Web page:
Forget Hootie Johnson. Forget Martha Burk. Forget CBS. Forget Coca-Cola. The only way there will be change at Augusta (SCORECARD, Sept. 9) is if the people who really matter to anyone—the players—boycott the Masters until there is equality in the club's membership.
SCOTT LENZ, Los Angeles
When 79% of the people in your poll are telling you that Augusta members have every right to run their club as they see fit, then what is it that you don't understand?
RICHARD HAND, Piano, Texas
I don't play golf, don't belong to a country club, and I'm not a woman. So why should I care about what Hootie Johnson says or thinks? Because I do have a mother, wife, daughters and a sister. That's why.
JERRY SCHWARTZ, Chamblee, Ga.
If Augusta National were to immediately accept 15 women as members tomorrow, it would do nothing to help abused women, women abandoned with children or homeless women. Get with it, Ms. Burk, and do something really useful.
ROBERT C. SCHALLER, Colorado Springs
I am appalled that in 2002 there exist organizations that continue to discriminate on the basis of gender. The National Council of Women's Organizations should be ashamed of itself.
DONALD L. ROBERTSON, Blue Springs, Mo.
I found it amusing that your poll was so heavily pro-Augusta, while your biased "lecture" took just the opposite slant. Burk's strident pitch to Augusta was hardly a "brief, polite" letter. She literally was ordering Johnson to do it her way. CBS has shown admirable guts in defying the lady. In private clubs I have belonged to, I've helped lead the way to enabling a more diversified membership, meaning black, Hispanic and Asian members as well as women. But we did this on our own initiative as a reflection of changing social times, not with an activist's gun pointed at our head. You and other liberal media are fueling those activists. I say, "Hooray for Hootie!"
ROBERT B. WOLCOTT JR.
Laguna Niguel, Calif.
After reading Alan Shipnuck's GOLF PLUS item about the importance of momentum in golf (THE WEEK, The Mo, the Merrier, Sept. 2), I want to point out what the real marquee match of the U.S. Amateur was: eventual champion Ricky Barnes versus his good friend, No. 1 seed Bill Haas, in Saturday's semifinal. Even better than the up and down on the 15th hole in the final match that Shipnuck alluded to was Ricky's Saturday sand shot from a true fried-egg lie, which he played 20 feet right of the hole and rolled in a semicircle around a hill to within gimme range to halve the 13th. It was the most unbelievable shot I have ever seen, and Ricky personally told me it was the best shot he's ever hit in his life. Congrats to a true champion.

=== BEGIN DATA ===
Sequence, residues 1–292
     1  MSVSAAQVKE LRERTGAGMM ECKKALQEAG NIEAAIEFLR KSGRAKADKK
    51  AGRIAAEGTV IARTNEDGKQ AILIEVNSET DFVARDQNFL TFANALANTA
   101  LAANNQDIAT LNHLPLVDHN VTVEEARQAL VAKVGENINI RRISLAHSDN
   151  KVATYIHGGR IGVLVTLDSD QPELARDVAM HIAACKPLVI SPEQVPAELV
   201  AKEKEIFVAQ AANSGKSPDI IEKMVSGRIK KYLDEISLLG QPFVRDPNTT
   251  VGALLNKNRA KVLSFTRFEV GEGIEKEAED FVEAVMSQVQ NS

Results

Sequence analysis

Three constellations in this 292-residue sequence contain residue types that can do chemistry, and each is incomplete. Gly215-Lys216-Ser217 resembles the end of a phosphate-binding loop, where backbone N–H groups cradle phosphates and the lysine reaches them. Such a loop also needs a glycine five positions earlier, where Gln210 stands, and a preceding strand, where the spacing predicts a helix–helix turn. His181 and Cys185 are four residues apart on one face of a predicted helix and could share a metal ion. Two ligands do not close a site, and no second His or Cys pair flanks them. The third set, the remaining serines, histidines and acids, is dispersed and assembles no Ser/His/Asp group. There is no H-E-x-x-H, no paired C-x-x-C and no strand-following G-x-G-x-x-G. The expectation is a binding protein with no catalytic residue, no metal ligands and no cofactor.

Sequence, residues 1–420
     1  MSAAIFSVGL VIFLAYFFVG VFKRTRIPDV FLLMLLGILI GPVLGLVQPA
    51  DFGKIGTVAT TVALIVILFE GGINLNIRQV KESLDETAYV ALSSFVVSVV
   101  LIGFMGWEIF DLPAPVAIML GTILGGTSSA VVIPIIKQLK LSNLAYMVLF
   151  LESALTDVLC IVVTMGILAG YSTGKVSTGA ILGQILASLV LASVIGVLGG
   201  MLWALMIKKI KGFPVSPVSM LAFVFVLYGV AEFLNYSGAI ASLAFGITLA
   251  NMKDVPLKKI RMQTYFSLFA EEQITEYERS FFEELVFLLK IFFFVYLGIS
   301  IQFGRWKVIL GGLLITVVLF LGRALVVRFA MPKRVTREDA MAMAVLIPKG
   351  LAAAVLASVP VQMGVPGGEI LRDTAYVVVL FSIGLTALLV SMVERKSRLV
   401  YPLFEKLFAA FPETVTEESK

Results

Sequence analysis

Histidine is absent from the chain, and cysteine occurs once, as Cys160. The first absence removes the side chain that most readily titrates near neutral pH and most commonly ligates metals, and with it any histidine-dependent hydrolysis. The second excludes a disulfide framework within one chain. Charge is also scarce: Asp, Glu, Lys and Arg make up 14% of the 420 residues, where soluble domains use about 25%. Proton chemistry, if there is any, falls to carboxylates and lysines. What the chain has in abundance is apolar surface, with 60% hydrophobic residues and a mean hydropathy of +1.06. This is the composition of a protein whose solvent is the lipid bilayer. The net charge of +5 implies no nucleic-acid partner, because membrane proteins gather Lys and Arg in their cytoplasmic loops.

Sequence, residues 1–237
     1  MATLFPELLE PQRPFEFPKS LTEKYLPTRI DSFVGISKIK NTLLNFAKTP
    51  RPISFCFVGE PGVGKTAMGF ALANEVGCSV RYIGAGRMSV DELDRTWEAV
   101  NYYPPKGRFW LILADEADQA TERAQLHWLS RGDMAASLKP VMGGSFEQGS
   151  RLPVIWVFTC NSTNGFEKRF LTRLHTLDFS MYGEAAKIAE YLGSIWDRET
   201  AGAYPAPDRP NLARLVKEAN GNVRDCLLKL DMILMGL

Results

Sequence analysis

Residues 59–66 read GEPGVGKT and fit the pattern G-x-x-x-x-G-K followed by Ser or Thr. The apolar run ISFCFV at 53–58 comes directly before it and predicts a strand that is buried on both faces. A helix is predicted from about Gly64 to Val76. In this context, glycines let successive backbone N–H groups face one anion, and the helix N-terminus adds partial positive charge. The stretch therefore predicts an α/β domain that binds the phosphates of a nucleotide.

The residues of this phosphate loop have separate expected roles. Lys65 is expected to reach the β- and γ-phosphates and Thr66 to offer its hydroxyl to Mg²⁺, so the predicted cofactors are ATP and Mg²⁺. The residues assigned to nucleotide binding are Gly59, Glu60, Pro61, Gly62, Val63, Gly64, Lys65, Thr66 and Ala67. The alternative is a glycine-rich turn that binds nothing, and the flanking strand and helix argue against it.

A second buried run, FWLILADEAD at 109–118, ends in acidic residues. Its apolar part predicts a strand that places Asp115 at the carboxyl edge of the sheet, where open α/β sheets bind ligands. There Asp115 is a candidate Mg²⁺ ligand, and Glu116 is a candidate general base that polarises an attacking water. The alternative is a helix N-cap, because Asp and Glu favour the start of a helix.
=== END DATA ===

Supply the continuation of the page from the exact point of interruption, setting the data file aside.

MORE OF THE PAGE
BILLY DEITCH, Bingham Farms, Mich.
In the fall of 1988 I went out for the seventh-grade football team at Stony-brook Junior High in Indianapolis. Like Tyler Money (SCORECARD, Sept. 9), I was told I couldn't play because of my large head size. Thank you, Riddell, for finally solving this problem, and thank God for athletes like Kevin Mench. Because of the publicity his head size has received, I get fewer strange looks when I ask for a size 8 in a hat store.
JIM RODENBUSH, Pittsburgh
I still have tears in my eyes from laughter after reading about Rick Reilly's experience trying to bat against Nolan Ryan, Fear Strikes Out Again (THE LIFE OF REILLY, Sept. 9). Reilly is the reason I start thumbing through my edition from the back each week. If there was ever a week we needed laughter—the first anniversary of the Sept. 11 attacks—this was it.
GEORGE S. SCIMONE, Wilton, Conn.
Kudos to Rich Beem for his great PGA win at Hazel tine (Life of the Party, Sept. 9). But what his neighbor J.P. Hayes said, "Rich now knows that he can beat Tiger head-to-head in a major," is real hard for me to swallow. Beem is just another guy who happened to have it going for four days, just like Chris DiMarco, Kevin Sutherland, Craig Perks, Jerry Kelly and anyone who has beaten Tiger. They're all fine players, but if they play against Tiger 100 times, who would take the odds of any of them beating Tiger 10 times?
SAM CROCE, Saratoga, N.Y.